Reducing Loneliness

    It is important that you know that you can actually reduce your loneliness and that less loneliness in your life will likely improve your state of mind. Some possibilities to help feel less lonely (Fallon):

    • Practice acceptance.
    • Embrace alone time.
    • Replace expectations with gratitude.
    • Reach out to old friends.
    • Get involved in your community.
    • Pick a third place to hang out (beside your home and work).
    • Get a pet.
    • Do something nice for someone.
    • Take a break from social media.
    • Address the root of your loneliness.

    See the referenced article for more on these possibilities. Of course, they are simply ideas—to reduce your loneliness, you need to do it in a manner that addresses your specific needs and circumstances. Notice that some of the ideas above draw upon your inner strength to cope with loneliness, while others prompt you to take action outside of yourself. Some of the tips probably apply to your situation and feel doable, while others do not. (For example, if you are allergic to cats, getting a cat might not be in the cards for you.) You don’t need to engage in multiple activities all at once. Instead, you can work towards reducing your loneliness one step at a time, so it is not too overwhelming. 

    Help is Available

    Recognize that taking on the task of reducing your loneliness completely by yourself could inadvertently feed into your feelings of loneliness and be counterproductive. If that is the case for you, consider if there is someone you trust who could help talk you through what is going on to make you feel lonely, explore options for getting more socially connected and even aid you in sticking to a plan.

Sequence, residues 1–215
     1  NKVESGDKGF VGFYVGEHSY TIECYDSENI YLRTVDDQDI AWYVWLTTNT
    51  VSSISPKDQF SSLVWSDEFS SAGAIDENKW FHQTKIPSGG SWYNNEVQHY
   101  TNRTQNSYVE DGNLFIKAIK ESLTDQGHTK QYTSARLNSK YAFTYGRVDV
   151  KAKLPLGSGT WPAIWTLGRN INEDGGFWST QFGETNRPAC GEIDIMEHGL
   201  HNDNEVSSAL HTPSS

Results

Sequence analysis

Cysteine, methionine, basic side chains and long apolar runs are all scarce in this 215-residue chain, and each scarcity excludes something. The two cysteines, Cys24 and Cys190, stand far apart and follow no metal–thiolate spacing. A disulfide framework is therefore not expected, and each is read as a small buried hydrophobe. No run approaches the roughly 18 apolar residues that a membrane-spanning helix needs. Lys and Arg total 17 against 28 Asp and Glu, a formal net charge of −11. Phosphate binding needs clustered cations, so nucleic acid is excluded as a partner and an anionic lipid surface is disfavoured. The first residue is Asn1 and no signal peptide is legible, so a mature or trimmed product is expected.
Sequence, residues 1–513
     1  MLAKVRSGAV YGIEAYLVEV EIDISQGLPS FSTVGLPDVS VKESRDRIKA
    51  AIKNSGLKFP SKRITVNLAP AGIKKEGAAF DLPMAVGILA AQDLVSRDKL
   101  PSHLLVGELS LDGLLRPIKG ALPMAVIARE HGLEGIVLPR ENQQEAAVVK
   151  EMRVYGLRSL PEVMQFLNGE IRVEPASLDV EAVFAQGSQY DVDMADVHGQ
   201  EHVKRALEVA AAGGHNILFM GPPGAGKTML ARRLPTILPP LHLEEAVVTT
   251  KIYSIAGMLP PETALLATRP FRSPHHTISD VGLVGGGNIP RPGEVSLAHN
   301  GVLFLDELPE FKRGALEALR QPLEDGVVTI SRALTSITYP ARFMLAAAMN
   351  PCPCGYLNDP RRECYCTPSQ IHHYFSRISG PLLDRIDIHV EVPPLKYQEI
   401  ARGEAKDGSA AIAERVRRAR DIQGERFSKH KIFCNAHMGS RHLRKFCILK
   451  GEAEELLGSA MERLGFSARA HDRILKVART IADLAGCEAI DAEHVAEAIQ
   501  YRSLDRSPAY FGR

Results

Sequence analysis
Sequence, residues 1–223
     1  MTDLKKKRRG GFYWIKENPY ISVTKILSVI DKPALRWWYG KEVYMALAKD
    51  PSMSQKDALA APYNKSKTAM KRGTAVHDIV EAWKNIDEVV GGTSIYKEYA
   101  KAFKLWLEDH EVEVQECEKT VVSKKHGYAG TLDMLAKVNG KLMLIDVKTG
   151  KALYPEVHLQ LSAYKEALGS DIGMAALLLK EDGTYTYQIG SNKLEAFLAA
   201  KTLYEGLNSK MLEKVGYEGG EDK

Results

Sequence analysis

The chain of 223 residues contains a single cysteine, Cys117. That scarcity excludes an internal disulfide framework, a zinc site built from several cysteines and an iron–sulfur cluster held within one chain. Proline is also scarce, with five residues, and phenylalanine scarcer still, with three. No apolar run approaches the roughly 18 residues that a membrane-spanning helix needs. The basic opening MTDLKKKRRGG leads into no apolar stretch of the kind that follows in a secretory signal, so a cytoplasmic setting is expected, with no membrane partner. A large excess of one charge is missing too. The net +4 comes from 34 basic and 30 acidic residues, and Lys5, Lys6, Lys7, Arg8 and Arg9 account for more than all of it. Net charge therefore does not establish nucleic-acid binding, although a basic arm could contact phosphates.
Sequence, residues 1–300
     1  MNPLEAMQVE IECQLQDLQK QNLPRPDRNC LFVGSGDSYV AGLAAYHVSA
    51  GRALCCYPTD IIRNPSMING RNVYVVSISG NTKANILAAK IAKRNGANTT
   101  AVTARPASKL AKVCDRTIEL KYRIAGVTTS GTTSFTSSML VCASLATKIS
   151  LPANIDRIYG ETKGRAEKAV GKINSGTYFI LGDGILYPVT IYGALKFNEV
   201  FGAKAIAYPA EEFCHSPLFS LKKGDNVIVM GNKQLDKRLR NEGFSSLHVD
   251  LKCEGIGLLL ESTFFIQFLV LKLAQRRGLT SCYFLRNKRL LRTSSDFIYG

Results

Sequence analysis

In addition to or an alternative to a trusted support person already in your life, a mental health counselor can assist you with these tasks, as well as help you tap into your inner strength to cope with loneliness and to stay resilient in the face of it. Sometimes people feel that talking about their loneliness is an intensely private issue that they don’t feel comfortable sharing with close family or friends. In that case, a counselor is probably your best bet to figure out how to get some relief from your loneliness and feel better about your situation.

    If you are interested in therapeutic support, click on the “contact” button below to reach out to the Mindful Counseling Center for an appointment.    


    Psychiatry.org – Taking on the Public Health Threat of Loneliness and Social Isolation (American Psychiatric Association or APA)

    Cited in the APA article: (1) Bell, P. & Lawlor, B. 2023. Community Based Interventions for Loneliness, chapter in Loneliness: Science and Practice, Jeste, D.V., et al, editors. American Psychiatric Association Publishing, Washington, D.C. (2) Holt-Lunstad, J. & Parissinotto, C. (2023). Social Isolation and Loneliness as Medical Issues. N Engl J Med 2023; 388:193-195, DOI: 10.1056/NEJMp2208029.

    Loneliness: Causes and Health Consequences (verywellmind.com) (K. Cherry)

    How To Not Feel Lonely: 10 Things I Did When I Needed It Most (rootsofloneliness.com) (A. Fallon)

    Is Loneliness Making My Mental Health Struggles Harder? (Mental Health America)